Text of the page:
Our interaction with our modern and digital world is largely visual. For this reason alone, illustration is a brilliant way to enhance a product or a service. In addition to adding a human element, they aid in our understanding. Although illustrations for instruction leaflets and the like have been used effectively ever since humans existed (think: cave drawings), the trend for 2017 sees a move towards this being stylistic choice. Informative illustrations need not be so rigid and boring nor do they need to be purely for aesthetic purposes. A sketchy style can give a brand more personality, add interest to a web page, and tie different elements of a brand together. Icons in the style of illustration that matches your brand can enhance sections of a website and make the user experience much easier and more seamless. Paired with a minimalist style, a softer icon or illustration can be just as hard hitting as loud or bold text.
Attention spans are shortening, the web is getting more crowded, markets are becoming more saturated. 2017 will be all about how you capture the attention of consumers, how you give them the information they want, and how you'll be more memorable than the competition. This trend is not so much a design style as it is a thought that needs to be at the forefront of every design decision. Choices in 2017 will be made to provide more information at a faster rate and in more convenient ways than ever before. In this vein, we are seeing a move away from the hamburger-style navigation menu on mobile as this hides away crucial information that is important to the user. That extra movement and tap on the screen makes all the difference between someone staying or leaving your website and using your competitor.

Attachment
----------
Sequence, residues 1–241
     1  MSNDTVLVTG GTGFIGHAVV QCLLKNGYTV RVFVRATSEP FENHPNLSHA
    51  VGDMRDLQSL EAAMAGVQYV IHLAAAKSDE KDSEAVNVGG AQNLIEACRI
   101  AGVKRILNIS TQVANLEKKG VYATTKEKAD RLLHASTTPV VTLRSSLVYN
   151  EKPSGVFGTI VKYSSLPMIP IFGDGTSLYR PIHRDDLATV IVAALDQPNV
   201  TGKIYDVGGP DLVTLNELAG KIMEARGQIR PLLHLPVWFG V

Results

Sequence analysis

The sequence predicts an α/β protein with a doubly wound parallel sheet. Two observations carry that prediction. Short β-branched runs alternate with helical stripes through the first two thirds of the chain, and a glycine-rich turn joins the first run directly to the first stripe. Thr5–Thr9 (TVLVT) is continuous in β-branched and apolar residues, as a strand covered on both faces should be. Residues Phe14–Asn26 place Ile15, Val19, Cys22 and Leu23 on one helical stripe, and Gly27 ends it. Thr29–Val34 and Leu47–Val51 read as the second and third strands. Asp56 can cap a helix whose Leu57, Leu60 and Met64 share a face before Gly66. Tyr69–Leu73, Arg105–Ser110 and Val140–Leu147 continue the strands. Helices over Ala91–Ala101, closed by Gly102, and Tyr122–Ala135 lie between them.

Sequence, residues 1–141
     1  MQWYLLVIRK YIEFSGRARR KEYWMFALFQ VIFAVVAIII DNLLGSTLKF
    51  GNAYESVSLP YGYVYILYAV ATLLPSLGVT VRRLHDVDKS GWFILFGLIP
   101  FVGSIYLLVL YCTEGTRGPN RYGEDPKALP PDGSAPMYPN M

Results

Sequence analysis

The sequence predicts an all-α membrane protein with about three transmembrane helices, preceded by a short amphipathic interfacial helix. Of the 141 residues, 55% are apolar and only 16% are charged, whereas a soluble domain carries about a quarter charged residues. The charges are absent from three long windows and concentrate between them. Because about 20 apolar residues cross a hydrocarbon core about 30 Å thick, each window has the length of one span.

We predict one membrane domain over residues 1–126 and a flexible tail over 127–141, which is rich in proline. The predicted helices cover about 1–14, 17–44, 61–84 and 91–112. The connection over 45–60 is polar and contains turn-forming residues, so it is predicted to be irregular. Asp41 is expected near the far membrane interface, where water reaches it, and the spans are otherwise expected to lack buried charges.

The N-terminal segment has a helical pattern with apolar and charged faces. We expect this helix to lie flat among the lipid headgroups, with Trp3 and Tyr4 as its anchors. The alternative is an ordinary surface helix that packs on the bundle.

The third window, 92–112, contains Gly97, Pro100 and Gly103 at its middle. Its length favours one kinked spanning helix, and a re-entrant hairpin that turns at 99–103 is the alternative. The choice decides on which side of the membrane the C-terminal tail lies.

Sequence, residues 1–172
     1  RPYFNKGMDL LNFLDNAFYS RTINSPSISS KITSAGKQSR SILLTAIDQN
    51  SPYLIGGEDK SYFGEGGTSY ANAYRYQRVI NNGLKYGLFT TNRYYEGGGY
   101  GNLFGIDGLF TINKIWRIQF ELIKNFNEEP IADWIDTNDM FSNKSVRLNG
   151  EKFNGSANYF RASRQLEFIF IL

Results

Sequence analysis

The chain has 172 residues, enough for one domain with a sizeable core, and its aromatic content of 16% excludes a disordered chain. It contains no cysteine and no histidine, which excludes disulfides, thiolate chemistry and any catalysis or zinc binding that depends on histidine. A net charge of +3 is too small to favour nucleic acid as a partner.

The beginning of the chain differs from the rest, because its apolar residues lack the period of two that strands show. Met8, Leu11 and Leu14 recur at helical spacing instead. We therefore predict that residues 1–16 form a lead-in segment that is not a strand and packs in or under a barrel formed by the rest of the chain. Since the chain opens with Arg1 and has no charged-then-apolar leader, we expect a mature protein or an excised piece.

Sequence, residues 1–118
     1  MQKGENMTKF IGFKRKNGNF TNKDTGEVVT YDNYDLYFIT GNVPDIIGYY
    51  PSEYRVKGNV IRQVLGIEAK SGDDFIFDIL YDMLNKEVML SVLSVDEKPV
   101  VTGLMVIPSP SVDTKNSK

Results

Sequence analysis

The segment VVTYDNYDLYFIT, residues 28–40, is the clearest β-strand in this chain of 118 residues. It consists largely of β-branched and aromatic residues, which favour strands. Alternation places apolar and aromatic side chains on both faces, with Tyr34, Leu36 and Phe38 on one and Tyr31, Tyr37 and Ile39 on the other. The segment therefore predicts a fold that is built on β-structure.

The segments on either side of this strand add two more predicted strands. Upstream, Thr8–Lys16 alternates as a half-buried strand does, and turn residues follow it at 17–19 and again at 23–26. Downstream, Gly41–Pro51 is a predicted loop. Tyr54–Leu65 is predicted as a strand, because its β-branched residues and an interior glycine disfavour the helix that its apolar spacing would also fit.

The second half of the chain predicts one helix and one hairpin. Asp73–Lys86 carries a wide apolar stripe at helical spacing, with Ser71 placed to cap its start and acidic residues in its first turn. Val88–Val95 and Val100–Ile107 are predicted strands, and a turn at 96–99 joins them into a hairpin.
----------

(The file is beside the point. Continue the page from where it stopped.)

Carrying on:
Most of these trends focus on user interaction with a brand but they should only be adopted if appropriate. If illustration works with your brand, use it! If it doesn’t, steer clear. A strong brand that can adapt with the times is far more important than jumping on any sort of trend band wagon. At Digity, we are primarily concerned with making sure all design decisions are right for you and your brand and are also tailored to your target consumer.
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Our Brighton office is buzzing with excitement as Pride approaches this weekend. Rainbows are everywhere, from banners and flags to buses and balloons, and so many small businesses are showing their support for this massive event.
Celebrating Gay Pride as a business is not a new concept, but it is something that is becoming more and more popular, as businesses become more comfortable being part of the celebrations and realise the benefits that can come alongside it.